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Gaming the system: How moderation tools can backfire

Personally, I blame WarGames.

That 1983 movie firmly planted the idea of the curious hacker into the world consciousness at a time when personal computers were still new. Think back to Matthew Broderick, the poor guy, innocently mucking about in military computers. Because they were there. Almost causing Global Thermonuclear War.

When I got my first email account in 1991, I did the same thing in the green and black terminals of UC Santa Cruz. I typed in random commands, poking around the edges, looking for secrets. I never started a war, but I did manage to have playful anonymous conversations with random people until my interest in the game petered out.

The point is, mischievous curiosity is an element of any online interaction, even in this era, where computers are less mysterious than they used to be.

In Design for Community, I spent a lot of time talking about Slashdot's model of community moderation. It's a marvel of geek ingenuity, one which is usually very successful. Users can rate each other's contributions, earn "karma points" (the number that measures a user's contributions to the site), and filter each other into oblivion.

Since the book was written, Slashdot has added still more inventive features. A simple but effective reputation management system is in operation now, allowing members to list each other as a friend or foe. The ratings are even public, so you can see who's list you're on. And even better, you can apply a filter to your lists, rating all your friend's comments up, and your foes' down. It's now possible to make it so you never have to see a particular user's posts again: just list them as a foe, and set all foe posts to "-5." In a few clicks, they'll be off your radar forever.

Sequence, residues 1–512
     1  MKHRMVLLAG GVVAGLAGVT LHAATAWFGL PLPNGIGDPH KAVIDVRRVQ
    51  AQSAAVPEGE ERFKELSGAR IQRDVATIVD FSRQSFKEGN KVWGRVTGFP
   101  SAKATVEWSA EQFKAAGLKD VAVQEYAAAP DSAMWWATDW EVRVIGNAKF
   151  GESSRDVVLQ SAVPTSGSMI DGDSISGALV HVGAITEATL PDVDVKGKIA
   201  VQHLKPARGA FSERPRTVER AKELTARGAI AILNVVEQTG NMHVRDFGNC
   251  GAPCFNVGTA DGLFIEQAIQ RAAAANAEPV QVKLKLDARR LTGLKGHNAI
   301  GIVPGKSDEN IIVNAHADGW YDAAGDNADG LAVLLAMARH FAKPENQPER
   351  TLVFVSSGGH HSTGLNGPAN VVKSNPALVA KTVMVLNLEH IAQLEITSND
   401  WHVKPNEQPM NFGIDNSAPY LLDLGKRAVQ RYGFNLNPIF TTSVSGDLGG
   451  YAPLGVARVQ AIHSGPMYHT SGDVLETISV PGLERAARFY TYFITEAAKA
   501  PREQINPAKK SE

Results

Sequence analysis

Problem is, all this groovy functionality adds several layers of new interface elements. Every filter, rating, and setting means adding another button, dropdown, and submit button. It's easy to see a future, not very far away, when the site grows so interface-heavy it will scare off all but the most determined new users. While what might not slow down the rabid Slashdotters, it would certainly impede a new site with a fragile audience.

Worse, sometimes all the widgets backfire altogether, encouraging the very behavior they're designed to avert. Sometimes all the rules have a dangerous side-effect: they create a game.

Here's how it works. Every Slashdot member has a karma number. When that member does something that benefit the site (submitting a story that is accepted, posting a comment that gets moderated up, moderation other comments), the user's karma level increases. When that user does something that the site administrators want to discourage (posting something that gets moderated down, making moderations that are deemed unfair), the user's karma level decreases.

What do karma points matter? Not much, really. A user with a high karma level is more likely to be asked to moderate, but that's no prize. Members with a high karma level may also begin to post comments that start out with a high rating, which might mean that their comments will be seen more. But, in reality, if you post something thoughtful, chances are it will be moderated up anyway. Like I said, that part of the system works well.

So why do people care about their karma level at all? Easy. Slashdot asked them to.

When Slashdot's moderation system was originally introduced, karma levels were invisible. Everybody had one, and it influenced how the site interacted with you, but you could never know exactly how many karma points you had. Of course, once the Slashdotters heard about this mysterious karma number, everyone clamored to know what it was. It was just human nature. Soon the karma levels were disclosed to each user, with a caveat: only you could know how many points you had. You couldn't find out anyone else's.